FEATURE

Advice and Consent

Should You Leave?: A Psychiatrist Explores Intimacy and Autonomy--and the Nature of Advice BY Peter D. Kramer. Penguin Books. Paperback, 336 pages. $17

Any time I have ever been in therapy, it has seemed simple to say whatever is on my mind. But one question that always lingers, which I have never had the nerve to ask, is What do you really think of me? It’s not only that I would be ashamed to ask. It’s also that I know the therapist would never say.

Like the religious person who wonders what God makes of their actions, the habitually analyzed can only guess what their therapist truly believes about them. Couples, too, wonder about the opinion of their counselor: Are we much worse than other couples? Do we perhaps have a certain charm?

Of course, in the twenty-first century, therapy has moved further and further away from the blank-faced ideal of Freudian analysis, so that now many strands of psychological help have become baldly direct. Still, the therapist does not reveal her secret opinion of her patients or say directly what she thinks they should do.

Maurice Rouzée, Lovers, 1942, tempera on paper, 49 × 64". Courtesy Wallector Contemporary/Artspace

The psychiatrist Peter D. Kramer, author of the 1993 best seller Listening to Prozac, went on to write Should You Leave? (1997), a testing of the taboo against advising patients rather than leading them to their own inner wisdom. The book takes the form of a very literary and experimental sort of self-help manual, in which Kramer divulges the secret thoughts he has had about his patients (not his actual patients, but fictional composites), who more often than not sought his help because they didn’t know whether to leave a relationship. Turns out, their psychiatrist did have an opinion! And he had opinions about the psychiatric practice of not revealing opinions! This book, formally delicious and strange and fluid and meandering, became his way of saying all the things that were supposed to remain unsaid.

He presents his case studies like little short stories. A certain kind of man with a certain psychological disposition wants out of a certain typical relationship for expected sorts of reasons. Kramer explains what he sees when someone like that sits before him; how such conversations tend to go; why he thinks this person wants out versus why they say they do; what he believes they would get out of leaving versus what they expect they would get. He talks about if they stayed, how they might stay in a way that would lead to psychological growth for both partners. He also says what he thinks the person should do. It’s impossible not to relate to almost all the scenarios and psychological profiles he outlines—like finding that one has every psychiatric disorder when reading through the DSM-5. The reader also relates to the therapist, especially his desire to disclose his secret opinions about the people he encounters to those people—something, actually, none of us are supposed to do.

The book is filled with secret insights and observations about patients that could never be spoken in the therapist’s office. For example, discussing a married man with children who wants to leave his wife for a younger, seemingly more exciting partner, Kramer writes, “We know that older men need younger women not because the men still have it but because they don’t; it takes something special to get them started.”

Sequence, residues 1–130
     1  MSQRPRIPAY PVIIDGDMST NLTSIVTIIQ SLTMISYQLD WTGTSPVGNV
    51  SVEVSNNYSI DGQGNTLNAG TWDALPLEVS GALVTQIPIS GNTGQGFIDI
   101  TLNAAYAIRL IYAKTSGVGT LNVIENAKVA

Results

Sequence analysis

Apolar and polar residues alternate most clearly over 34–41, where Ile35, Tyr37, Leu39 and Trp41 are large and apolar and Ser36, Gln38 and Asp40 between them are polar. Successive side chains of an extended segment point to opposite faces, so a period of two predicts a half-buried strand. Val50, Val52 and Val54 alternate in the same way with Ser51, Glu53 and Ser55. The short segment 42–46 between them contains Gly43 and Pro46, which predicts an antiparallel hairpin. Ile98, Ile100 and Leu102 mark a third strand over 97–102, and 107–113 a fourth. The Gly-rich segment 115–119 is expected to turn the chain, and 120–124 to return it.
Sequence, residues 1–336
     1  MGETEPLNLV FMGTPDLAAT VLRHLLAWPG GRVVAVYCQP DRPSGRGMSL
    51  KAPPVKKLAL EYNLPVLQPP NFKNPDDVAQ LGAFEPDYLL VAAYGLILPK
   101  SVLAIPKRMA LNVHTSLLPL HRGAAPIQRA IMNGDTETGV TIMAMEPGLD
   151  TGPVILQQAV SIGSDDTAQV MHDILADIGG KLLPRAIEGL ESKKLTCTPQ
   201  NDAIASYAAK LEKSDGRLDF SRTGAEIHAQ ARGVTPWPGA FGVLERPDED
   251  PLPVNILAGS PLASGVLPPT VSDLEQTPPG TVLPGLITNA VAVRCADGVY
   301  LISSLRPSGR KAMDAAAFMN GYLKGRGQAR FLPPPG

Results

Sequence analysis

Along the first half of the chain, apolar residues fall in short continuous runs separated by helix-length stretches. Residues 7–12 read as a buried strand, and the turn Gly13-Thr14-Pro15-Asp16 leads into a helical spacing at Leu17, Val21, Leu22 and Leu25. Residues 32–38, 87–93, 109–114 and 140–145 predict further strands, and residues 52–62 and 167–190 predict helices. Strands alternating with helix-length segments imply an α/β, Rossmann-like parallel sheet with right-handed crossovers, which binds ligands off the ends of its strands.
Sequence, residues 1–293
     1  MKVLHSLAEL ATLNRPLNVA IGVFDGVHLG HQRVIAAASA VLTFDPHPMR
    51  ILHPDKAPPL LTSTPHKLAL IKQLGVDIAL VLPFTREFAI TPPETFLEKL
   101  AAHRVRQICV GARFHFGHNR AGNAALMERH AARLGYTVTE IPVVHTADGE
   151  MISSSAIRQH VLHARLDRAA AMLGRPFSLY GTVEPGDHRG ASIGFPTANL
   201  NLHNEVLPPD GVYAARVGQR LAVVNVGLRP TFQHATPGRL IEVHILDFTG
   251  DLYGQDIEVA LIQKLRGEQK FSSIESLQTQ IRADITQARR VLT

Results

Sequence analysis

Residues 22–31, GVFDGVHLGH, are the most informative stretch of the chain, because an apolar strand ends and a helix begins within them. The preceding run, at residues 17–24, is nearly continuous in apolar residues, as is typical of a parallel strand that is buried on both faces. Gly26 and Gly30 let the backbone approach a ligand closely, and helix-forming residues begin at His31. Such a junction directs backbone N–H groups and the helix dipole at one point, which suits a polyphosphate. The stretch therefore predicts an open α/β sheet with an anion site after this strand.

Reading along, you get the thrilling sense that there might be someone in the world who knows what you should do—that there are right and wrong answers to the question of stay or go in various circumstances—it’s just that they never tell you. Kramer advises the indecisive man who wants to leave his quiet girlfriend to stay, suggesting he use Kierkegaard’s “rotation method” of “not wandering but rather tending to one field and rotating the crop, which is oneself.” He tells the bold woman who wishes to remain with her philandering and lying boyfriend to leave, but after she indicates that she wants to stay, he allows, “You can risk continuing the relationship if you make that risk an occasion for your own maturation, for your attaining something you can bring with you if the relationship fails, as it likely will.”

This “you” is interesting: Kramer has the reader stand in place of his patient. Each successive case study is presented as a guess about who “you” (the reader) are; he muses about why “you” might have picked up this book and about what problem you likely came to present.

The case studies are interwoven with Kramer confessing his own anxieties about advice. He observes that the very nature of advice is to cement the values of society—values that, in many cases, are simply no longer helpful. Kramer is aware that therapy has a political dimension, too: He looks at his intuitions through the lenses of various important thinkers, such as feminist psychiatrist and activist Jean Baker Miller, who observed that the private work of caring for another is always underrated in a capitalist world.

A subnarrative that runs through the book explores a dialogue between Kramer and “Lou,” a senior psychiatrist and friend to whom he is trying to justify his whole strange project. Lou represents the side of Kramer that is skeptical of Should You Leave? and of advice in general; it is revealing to see Kramer being subtly led (advised?) by his mentor, even as he considers whether it’s ethical to give advice at all.

Should You Leave? reads like it was a relief to write—a playful, joyful, transgressive, and exciting project. And why wouldn’t it be? After years of knowing so much about “you,” the psychiatrist finally speaks his mind, released from the prescription to never tell you what.


Sheila Heti is the author of eight books, including the novels Motherhood (2018) and How Should a Person Be? (2012; both Henry Holt).